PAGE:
A direct care worker provides assistance and care to the elderly, the developmentally or physically disabled, or patients in rehabilitation programs. The job description of a direct care worker involves patience, empathy, strong interpersonal skills, and a detailed knowledge of best care practices.
A direct care worker provides a number of services depending on the needs of the individual; these might include running errands, helping patients move around their homes, counseling individuals on independent living, and administering prescribed medication.
Essential Duties and Responsibilities of a Direct Care Worker
- Helps the elderly or physically disabled move from room to room around their homes.
- Assists individuals in dressing, bathing, and completing basic hygiene tasks.
- Oversees any required rehabilitation exercises.
- Ensures that individuals take their prescribed medications.
- Prepares meals that adhere to special dietary considerations.
- Assists with light cleaning and housework.
- Teaches developmentally disabled adults how to adopt basic independent living skills.
- Helps adults with developmental disorders learn to make a budget and complete basic household tasks.
- Works with disabled children in the school system, providing support and assistance during daily activities.
- Meets with family to discuss needs of patients.
- Runs errands to the grocery store, laundromat, cleaners, drugstore, and other necessary locations.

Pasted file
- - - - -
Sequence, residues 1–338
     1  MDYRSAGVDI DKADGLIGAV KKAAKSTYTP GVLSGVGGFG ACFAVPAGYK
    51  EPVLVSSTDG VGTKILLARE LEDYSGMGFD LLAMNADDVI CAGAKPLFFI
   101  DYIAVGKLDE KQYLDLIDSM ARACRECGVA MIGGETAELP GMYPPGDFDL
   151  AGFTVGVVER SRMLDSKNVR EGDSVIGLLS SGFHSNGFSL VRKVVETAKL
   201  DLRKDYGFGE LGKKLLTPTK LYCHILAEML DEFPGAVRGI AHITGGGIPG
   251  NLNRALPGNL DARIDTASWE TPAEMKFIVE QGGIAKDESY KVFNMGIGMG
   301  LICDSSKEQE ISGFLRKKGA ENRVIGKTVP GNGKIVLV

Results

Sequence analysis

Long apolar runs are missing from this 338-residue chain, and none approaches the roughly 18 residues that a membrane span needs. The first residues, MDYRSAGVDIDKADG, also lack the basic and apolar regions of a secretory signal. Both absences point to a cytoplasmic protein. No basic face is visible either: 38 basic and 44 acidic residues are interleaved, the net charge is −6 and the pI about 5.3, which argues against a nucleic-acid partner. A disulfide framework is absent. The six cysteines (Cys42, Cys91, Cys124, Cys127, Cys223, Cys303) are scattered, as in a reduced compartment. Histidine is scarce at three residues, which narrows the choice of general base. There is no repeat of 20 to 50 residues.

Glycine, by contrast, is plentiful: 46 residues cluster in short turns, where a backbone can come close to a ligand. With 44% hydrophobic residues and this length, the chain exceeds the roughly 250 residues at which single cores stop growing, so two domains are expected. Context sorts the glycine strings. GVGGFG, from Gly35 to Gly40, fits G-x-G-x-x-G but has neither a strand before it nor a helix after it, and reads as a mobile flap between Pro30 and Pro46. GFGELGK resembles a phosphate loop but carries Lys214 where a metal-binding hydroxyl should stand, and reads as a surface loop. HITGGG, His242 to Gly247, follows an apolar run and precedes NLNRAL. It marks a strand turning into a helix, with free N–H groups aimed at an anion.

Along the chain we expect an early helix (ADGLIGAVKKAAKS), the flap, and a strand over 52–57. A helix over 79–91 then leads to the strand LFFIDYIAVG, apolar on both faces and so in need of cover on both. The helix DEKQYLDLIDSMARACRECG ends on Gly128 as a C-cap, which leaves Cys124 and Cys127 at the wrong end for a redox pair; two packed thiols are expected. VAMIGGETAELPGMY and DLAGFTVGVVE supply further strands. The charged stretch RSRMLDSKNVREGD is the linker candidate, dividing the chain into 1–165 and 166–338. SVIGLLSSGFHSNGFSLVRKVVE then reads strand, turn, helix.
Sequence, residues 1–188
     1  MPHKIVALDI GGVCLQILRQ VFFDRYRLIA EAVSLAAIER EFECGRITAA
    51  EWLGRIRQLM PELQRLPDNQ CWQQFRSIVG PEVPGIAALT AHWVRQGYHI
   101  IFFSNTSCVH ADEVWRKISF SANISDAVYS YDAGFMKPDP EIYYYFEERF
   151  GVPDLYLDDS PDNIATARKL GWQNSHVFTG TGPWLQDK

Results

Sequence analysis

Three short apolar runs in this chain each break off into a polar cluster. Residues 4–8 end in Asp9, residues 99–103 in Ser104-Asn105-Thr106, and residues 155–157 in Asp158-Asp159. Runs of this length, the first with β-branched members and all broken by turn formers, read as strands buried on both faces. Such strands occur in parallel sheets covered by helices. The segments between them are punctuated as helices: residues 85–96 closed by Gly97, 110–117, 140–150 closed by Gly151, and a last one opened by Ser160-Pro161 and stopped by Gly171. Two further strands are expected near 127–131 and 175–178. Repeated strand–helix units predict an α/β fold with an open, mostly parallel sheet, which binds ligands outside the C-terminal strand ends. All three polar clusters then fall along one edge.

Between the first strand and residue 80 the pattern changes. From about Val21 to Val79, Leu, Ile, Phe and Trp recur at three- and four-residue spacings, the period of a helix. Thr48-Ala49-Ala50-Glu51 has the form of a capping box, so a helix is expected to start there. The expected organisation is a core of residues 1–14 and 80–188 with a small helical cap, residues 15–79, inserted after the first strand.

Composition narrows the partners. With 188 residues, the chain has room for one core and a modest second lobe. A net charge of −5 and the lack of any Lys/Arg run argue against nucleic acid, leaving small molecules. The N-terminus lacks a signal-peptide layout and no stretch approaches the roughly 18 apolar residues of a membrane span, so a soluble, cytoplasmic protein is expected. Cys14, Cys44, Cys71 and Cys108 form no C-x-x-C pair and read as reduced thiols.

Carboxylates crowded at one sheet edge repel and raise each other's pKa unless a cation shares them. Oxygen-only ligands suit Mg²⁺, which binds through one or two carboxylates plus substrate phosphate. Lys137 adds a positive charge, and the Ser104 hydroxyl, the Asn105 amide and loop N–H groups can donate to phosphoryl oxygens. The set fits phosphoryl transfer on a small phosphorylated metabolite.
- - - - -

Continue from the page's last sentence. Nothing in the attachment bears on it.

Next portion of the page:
- Serves as a companion for the elderly who live alone.
- Organizes activities for patients.
RequiredKnowledge, Skills and Abilities
- Demonstrates patience and compassion.
- Possesses excellent interpersonal skills.
- Works well with a variety of different individuals.
- Possesses detailed knowledge of patient’s condition, symptoms, and medications.
- Exhibits ability to think quickly and act calmly in an emergency.
- Demonstrates strong organizational skills.
- Communicates clearly and effectively.
- Possesses strong listening skills.
- Pays close attention to detail.
- Possesses physical stamina required to help individuals move around.
- Possesses emotional strength necessary to work with ailing patients.
- Demonstrates awareness of proper first aid and emergency response procedures.
- Maintains friendly and open demeanor at all times.
Education and Experience
A direct care worker holds a high school diploma, as well as an Associate’s Degree or certification as a Nurse’s Aide or Nursing Assistant. Direct care workers are also required to successfully complete a training program, commissioned by a private company or by their state of residence prior to beginning work. These programs can last anywhere from 1-3 months, and usually culminate in a final exam.
A direct care worker may spend the majority of his or her working hours in a patient’s private residence, helping with daily tasks. Others work in schools, hospitals, clinics, nursing homes, or assisted living facilities.Shifts vary, depending on the needs of the individuals – some direct care workers cover a typical 9-5 shift, while others cover night shifts, and most rotate between the two. The job of a direct care worker can be physically and emotionally taxing, especially when working with high-needs individuals.
The average salary for a direct care worker is approximately $50,000 per year. Salaries range from $30,000 to $80,000, depending on the care worker’s years of experience, the company at which they are employed, and the needs of the patient.